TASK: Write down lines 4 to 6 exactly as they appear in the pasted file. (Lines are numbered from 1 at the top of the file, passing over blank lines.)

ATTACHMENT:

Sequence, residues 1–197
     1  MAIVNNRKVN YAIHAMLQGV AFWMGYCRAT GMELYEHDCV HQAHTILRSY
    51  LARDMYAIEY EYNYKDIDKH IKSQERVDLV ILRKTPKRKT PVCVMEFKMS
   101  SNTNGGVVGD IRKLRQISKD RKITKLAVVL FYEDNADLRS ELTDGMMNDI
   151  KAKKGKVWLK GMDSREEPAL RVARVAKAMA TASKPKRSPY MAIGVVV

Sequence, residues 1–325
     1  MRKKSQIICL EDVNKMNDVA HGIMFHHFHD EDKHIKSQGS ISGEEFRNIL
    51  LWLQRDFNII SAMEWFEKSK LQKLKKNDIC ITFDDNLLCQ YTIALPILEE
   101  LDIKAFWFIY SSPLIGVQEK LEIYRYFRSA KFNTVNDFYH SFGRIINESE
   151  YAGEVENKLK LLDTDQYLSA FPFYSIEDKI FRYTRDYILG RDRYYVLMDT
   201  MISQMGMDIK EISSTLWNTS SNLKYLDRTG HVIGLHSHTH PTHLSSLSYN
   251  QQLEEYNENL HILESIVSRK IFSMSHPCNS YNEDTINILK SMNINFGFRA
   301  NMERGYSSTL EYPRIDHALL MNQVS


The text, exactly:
   101  SNTNGGVVGD IRKLRQISKD RKITKLAVVL FYEDNADLRS ELTDGMMNDI
   151  KAKKGKVWLK GMDSREEPAL RVARVAKAMA TASKPKRSPY MAIGVVV

Sequence, residues 1–325